But Dr Lum added: "It's quite a good opportunity as well, to rethink greenery from a whole landscape scale... (as) a more seamless integration of roadsides and parks with the forest." He doubts the various developments will affect any endangered tree species although the Bidadari area, a haven for migratory bird species, might suffer an ecological impact when trees are removed.

Mr William Lau, former president of the Singapore Institute of Planners, and now the International Federation for Housing and Planning's ambassador for South-east Asia, said: "Removing 10,000 to 13,000 is a small percentage compared to the total greenery (in Singapore). "As such, it has no significant impact on the current good balance between urban development and greenery."

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Indonesia steps up fight against biopiracy

Hans Nicholas Jong and Moses Ompusunggu The Jakarta Post 20 Mar 17;

Though it may sound like a conspiracy theory, the Indonesian government has taken seriously allegations that foreign researchers have used all kinds of ways — including disguising themselves as tourists — to steal the nation’s genetic resources.

Indonesia is home to some of the richest biodiversity in the world and government officials are concerned that foreign parties are developing and exploiting local genetic resources without obtaining consent from or providing fair compensation to Indonesia as stipulated in the Nagoya Protocol, which Jakarta has ratified.

The Research and Technology and Higher Education Ministry, therefore, has recently issued a regulation to prevent this suspected biopiracy.

The 2017 ministerial regulation, released in February, stipulates that the government will no longer provide recommendations for foreign researchers to conduct research in less-explored regions prone to natural resources theft such as Papua and Maluku islands. While the regulation does not impose a total ban on research in those areas, it makes it more difficult for foreign scientists to obtain a permit for research there.

“We will give the opportunities to our local researchers first to conduct research in those areas, where new species of flora and fauna have been found,” the ministry’s secretary of foreign research permits, Sri Wahyono, told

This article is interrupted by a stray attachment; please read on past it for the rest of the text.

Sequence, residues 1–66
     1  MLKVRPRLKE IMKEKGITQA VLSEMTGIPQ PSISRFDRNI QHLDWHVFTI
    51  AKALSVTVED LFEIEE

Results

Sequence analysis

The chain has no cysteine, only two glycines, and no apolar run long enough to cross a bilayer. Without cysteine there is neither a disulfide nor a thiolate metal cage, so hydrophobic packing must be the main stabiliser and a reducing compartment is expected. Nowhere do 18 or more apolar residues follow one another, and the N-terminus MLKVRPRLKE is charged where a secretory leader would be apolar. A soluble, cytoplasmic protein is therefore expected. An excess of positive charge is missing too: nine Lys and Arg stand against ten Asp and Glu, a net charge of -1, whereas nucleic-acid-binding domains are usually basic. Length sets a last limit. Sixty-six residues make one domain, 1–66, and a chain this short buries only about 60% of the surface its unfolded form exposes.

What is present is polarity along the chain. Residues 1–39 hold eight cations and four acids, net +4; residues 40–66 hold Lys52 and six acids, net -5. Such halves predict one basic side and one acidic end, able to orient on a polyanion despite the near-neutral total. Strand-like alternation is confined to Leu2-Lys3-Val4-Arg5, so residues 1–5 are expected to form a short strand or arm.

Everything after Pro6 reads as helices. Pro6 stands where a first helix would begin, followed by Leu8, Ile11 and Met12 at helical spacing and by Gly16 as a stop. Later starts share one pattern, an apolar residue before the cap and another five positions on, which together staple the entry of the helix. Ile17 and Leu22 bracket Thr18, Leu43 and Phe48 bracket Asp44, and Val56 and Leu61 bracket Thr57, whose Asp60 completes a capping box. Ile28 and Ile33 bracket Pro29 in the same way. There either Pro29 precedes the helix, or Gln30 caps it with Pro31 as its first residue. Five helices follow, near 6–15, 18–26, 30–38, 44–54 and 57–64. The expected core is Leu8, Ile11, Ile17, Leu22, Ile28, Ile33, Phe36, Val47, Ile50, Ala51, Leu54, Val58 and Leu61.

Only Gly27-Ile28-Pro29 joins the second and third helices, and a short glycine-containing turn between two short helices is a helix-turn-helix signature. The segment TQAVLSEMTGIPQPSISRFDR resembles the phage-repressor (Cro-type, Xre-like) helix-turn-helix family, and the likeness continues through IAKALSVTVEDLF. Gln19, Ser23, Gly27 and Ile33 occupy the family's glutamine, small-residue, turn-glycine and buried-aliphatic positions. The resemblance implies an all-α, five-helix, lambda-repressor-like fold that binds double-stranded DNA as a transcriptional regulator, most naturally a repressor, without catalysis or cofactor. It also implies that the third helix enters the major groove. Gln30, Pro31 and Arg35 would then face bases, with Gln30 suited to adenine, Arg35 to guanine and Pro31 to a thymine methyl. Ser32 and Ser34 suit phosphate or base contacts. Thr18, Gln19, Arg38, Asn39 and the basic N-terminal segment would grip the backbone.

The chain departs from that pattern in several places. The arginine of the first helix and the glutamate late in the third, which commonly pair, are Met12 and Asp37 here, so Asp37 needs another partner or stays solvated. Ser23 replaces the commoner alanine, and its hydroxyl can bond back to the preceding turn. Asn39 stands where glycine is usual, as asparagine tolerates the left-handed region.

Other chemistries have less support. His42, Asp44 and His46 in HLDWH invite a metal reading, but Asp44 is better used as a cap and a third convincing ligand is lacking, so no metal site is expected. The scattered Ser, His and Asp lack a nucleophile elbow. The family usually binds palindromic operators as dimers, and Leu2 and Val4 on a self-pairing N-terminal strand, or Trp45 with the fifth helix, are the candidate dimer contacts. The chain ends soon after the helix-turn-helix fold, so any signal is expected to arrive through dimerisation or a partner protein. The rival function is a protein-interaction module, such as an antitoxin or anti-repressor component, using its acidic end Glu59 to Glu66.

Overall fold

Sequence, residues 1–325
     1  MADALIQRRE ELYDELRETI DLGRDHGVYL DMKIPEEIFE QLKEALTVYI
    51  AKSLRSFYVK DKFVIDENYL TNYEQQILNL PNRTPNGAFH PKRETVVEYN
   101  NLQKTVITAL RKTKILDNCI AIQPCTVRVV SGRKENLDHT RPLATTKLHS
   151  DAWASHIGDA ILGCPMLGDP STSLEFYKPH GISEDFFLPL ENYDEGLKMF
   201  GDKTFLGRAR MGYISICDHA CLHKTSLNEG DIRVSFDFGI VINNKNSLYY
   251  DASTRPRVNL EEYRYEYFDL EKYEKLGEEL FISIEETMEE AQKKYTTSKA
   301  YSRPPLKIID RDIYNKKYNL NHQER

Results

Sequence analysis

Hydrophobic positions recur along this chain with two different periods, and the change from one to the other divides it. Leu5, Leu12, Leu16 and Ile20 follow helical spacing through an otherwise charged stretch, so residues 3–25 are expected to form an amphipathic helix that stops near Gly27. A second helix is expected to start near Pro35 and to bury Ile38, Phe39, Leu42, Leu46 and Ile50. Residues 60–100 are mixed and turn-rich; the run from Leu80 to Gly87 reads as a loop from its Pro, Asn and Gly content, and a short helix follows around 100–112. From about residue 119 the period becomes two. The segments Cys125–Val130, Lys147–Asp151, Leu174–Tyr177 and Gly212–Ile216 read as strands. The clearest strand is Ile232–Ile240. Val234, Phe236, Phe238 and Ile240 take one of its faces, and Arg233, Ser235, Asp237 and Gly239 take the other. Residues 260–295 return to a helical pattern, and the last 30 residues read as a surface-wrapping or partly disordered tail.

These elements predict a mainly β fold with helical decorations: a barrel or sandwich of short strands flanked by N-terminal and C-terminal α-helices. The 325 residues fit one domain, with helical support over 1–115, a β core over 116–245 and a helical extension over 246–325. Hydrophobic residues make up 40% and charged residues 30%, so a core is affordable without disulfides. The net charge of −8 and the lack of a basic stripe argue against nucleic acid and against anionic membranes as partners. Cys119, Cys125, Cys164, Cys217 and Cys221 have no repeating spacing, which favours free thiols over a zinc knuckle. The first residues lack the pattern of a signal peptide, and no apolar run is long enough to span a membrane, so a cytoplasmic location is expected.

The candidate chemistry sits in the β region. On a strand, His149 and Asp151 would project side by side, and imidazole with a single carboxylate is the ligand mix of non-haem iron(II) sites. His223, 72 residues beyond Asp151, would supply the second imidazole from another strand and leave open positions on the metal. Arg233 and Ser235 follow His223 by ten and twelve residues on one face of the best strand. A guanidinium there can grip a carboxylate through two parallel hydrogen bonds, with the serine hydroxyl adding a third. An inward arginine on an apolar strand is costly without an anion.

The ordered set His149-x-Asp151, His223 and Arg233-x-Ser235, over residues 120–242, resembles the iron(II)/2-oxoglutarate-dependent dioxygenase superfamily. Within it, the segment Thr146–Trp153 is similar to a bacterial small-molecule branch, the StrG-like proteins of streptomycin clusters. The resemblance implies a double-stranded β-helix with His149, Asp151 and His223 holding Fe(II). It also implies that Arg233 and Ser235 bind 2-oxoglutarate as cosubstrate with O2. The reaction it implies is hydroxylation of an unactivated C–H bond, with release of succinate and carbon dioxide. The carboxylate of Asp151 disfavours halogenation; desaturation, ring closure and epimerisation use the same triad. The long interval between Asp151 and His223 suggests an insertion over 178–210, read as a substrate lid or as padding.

The Jakarta Post recently. Sri said the threat of biopiracy in Indonesia was real. He argued that the government’s free-visa policy for 169 countries, aimed to boost foreign tourist arrivals to Indonesia, had made it easier for foreigners to access local biodiversity resources.

“Right now, the common modus operandi includes ecotourism, where foreigners come to Indonesia with a visa on arrival to visit our protected forest areas and sanctuaries. Some of them have been caught red-handed [stealing resources].”

In February, Environment and Forestry Ministry (KLHK) investigators arrested a French national, identified as DL, in Papua for allegedly attempting to smuggle a rare butterfly species named Ornithoptera Goliath, which is widely known as Goliath birdwing and is the second-largest butterfly on the planet.

Using a tourist visa, DL arrived at Manokwari in Papua on Feb. 25 and then continued his journey to Mokwam village in Arfak Mountain where he allegedly collected the species. “The butterfly is one of the rarest species [of butterfly] and was about to be smuggled to France,” said KLHK investigator Adrianus Mosa.

It has not been confirmed yet if DL has made an attempt to commit biopiracy, but the government is treating it as such, saying DL was not the first. As an example, Sri cited a 2012 case where several teenagers from the UK were caught collecting samples without permission at the Murung Raya protected forest in Central Kalimantan.

Visa abuse aside, Indonesia has seen an increase in the number of foreign researchers visiting the country to conduct cutting-edge science projects, including those that have huge economic potential. “In the past, Indonesia only issued around 200 research permits per year. Since 2010, we issued around 500 permits. The interest is growing, especially in biodiversity, such as zoology, botany and marine biology,” Sri said.